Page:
Blue Bayfield

Editor’s Note: This is a semi-regular feature from Blue Bayfield highlighting simple ways people can make a difference in their community to create a healthier environment.


Did You Know…that all the creeks and streams and rivers in our watershed eventually flow into Lake Huron? That means if your car leaks motor oil, if you flush your expired meds down the toilet or if you use pesticides on your lawn, it all ends up in the lake. These toxic chemicals result in poor water quality and degraded wildlife habitat.

What You Can Do…you can take your household hazardous waste, including your batteries, to the Huron County Hazardous Waste Depot located at the Mid-Huron Landfill Site, 37506A Huron Road (Hwy 8), Clinton. Disposal of hazardous waste is free of charge.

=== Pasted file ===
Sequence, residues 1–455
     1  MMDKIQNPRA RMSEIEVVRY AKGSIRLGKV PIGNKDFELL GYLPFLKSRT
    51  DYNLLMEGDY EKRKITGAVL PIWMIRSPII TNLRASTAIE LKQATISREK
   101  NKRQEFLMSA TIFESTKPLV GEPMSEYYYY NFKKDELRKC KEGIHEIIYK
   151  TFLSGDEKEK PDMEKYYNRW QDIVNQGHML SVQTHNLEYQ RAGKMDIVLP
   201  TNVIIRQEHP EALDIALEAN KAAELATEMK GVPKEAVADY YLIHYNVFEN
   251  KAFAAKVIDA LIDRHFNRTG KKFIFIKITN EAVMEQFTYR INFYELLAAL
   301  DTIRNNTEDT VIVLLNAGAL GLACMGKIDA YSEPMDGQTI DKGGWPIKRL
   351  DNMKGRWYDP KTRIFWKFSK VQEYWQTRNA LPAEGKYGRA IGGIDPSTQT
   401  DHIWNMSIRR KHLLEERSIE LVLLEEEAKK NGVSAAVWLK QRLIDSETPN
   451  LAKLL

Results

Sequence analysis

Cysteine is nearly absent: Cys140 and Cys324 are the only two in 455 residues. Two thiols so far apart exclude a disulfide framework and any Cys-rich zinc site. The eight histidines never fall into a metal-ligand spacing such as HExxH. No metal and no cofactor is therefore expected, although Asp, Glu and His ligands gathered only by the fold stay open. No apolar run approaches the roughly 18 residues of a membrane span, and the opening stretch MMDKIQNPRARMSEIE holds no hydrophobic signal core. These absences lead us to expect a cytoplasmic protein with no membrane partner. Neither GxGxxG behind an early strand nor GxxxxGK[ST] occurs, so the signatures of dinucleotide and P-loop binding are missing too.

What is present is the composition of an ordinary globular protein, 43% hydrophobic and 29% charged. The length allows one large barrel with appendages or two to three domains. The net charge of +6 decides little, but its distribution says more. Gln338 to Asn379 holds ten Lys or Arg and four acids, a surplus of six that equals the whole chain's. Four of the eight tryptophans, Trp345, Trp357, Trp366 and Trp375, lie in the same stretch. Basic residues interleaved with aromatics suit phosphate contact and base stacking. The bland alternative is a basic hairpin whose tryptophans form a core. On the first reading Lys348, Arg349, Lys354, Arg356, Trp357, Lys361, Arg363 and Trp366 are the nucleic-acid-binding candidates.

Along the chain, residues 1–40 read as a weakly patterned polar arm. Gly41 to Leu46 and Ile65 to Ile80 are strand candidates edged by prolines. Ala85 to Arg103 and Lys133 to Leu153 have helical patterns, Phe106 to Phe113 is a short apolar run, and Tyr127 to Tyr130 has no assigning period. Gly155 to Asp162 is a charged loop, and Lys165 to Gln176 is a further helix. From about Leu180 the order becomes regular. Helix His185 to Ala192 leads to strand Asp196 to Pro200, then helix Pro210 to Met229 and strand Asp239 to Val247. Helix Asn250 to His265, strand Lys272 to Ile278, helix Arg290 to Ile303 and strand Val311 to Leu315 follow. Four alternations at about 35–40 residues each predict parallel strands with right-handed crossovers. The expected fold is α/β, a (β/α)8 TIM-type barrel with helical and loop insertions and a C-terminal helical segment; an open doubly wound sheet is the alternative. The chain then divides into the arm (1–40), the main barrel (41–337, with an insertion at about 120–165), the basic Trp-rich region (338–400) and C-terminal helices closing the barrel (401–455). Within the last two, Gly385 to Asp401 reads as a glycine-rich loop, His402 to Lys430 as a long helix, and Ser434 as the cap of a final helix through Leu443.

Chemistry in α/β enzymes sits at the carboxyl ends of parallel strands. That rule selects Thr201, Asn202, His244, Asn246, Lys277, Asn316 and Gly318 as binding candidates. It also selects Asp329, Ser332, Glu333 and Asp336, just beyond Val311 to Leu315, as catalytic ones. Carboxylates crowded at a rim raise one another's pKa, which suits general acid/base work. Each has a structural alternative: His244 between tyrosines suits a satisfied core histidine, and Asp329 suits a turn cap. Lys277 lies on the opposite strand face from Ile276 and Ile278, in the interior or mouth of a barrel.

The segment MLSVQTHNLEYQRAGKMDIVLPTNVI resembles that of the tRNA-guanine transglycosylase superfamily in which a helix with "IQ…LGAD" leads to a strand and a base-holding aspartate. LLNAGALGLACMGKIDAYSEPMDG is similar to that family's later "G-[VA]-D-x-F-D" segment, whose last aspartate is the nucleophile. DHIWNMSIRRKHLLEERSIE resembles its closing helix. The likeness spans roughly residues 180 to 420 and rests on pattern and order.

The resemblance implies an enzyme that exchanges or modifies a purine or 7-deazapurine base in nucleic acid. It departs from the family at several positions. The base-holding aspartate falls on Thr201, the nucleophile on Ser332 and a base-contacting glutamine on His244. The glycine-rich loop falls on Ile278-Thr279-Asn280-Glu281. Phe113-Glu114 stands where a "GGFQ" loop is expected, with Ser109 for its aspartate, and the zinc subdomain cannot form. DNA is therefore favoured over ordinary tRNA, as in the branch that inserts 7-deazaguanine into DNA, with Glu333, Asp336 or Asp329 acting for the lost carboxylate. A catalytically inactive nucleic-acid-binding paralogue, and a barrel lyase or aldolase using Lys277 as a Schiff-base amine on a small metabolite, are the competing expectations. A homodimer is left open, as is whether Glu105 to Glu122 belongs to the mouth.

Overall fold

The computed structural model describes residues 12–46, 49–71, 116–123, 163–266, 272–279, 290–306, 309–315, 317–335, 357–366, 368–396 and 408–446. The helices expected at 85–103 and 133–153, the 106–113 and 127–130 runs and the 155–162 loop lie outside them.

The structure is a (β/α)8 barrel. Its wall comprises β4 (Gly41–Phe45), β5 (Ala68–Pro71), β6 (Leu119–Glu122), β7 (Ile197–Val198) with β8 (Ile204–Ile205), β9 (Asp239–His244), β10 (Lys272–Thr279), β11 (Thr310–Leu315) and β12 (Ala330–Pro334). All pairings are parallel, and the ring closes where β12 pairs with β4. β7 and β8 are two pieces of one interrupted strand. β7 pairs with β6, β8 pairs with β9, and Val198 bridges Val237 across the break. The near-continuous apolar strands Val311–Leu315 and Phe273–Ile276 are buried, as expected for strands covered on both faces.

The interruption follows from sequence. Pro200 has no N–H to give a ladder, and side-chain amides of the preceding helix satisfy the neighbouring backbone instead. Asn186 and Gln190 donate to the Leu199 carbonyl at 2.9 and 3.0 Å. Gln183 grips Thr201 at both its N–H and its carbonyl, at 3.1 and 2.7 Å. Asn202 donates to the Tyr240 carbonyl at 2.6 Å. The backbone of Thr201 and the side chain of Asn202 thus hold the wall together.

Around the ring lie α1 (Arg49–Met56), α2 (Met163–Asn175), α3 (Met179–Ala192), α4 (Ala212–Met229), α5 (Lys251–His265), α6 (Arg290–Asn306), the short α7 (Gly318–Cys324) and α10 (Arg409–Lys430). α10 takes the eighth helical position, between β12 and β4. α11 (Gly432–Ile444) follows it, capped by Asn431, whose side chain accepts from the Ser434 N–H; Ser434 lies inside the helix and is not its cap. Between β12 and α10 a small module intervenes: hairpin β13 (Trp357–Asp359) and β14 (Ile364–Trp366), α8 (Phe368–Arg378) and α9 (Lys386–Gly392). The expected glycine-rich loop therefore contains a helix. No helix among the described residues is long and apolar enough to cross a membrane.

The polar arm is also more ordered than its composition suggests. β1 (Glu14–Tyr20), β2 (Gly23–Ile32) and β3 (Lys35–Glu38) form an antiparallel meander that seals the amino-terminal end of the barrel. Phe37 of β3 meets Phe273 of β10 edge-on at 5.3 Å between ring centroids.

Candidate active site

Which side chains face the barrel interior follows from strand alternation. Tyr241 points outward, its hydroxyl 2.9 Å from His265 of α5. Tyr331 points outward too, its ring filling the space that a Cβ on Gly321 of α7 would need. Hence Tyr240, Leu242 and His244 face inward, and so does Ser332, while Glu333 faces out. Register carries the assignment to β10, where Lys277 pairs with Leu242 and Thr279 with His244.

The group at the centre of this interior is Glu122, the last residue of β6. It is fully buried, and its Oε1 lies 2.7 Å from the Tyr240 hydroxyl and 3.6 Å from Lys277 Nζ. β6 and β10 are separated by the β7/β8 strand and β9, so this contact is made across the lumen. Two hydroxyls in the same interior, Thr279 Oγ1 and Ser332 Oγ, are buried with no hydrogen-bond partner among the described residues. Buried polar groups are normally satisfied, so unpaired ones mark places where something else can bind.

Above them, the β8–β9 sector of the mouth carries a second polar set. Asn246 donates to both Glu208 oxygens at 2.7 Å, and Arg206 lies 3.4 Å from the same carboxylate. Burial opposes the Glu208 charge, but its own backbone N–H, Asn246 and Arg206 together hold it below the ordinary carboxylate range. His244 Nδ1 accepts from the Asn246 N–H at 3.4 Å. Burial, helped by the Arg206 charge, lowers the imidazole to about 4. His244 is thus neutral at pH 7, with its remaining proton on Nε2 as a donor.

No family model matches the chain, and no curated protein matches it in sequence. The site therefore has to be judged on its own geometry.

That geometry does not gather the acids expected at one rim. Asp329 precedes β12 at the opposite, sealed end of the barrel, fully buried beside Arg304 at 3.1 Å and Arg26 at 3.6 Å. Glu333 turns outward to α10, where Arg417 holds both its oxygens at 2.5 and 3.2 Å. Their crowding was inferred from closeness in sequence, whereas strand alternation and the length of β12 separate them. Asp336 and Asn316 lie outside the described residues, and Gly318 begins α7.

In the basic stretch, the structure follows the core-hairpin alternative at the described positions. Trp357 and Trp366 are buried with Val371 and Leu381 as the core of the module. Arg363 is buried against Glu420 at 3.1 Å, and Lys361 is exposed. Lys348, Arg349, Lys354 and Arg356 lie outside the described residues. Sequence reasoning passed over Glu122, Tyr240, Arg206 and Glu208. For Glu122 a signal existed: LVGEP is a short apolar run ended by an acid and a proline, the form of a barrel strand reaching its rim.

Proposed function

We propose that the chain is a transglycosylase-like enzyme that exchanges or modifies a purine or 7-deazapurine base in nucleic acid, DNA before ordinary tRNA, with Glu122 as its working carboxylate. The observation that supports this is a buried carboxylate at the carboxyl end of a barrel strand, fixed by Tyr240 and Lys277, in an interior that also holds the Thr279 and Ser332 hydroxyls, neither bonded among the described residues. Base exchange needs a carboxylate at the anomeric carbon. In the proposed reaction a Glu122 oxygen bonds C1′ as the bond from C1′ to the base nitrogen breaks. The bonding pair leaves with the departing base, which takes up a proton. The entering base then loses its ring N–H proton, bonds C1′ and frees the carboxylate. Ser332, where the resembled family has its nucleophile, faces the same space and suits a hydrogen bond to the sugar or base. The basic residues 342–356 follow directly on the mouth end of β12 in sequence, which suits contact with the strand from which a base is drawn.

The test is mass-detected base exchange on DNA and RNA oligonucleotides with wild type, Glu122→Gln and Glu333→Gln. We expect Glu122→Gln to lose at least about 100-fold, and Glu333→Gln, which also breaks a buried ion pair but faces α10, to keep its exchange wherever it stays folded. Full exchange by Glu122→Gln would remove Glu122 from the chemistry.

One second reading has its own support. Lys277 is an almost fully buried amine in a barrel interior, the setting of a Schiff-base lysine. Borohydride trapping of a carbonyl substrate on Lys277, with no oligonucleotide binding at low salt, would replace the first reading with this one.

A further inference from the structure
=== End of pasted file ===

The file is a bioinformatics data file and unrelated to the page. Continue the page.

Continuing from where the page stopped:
For more information, go to




introducing three more summer students at gateway

Gateway Centre of Excellence in Rural Health (Gateway) is pleased to welcome three regional university students who will be conducting health research with Gateway's rural research chairs this summer. Each summer wonderful students join Gateway and bring their enthusiasm and new ideas which always invigorate the organization. This year while still not back around the table, great rural health research is being done.

Nicole SchilbeNicole Schilbe (Submitted photos)

Nicole Schilbe is a recent graduate of the University of Western Ontario with an Honours Bachelor’s Degree with a specialization in Kinesiology. She plans to return to complete a Master of Science in Occupational Therapy degree. She is extremely passionate about helping others to live optimally, and through various volunteer and employment opportunities, has been able to channel her passions into meaningful work.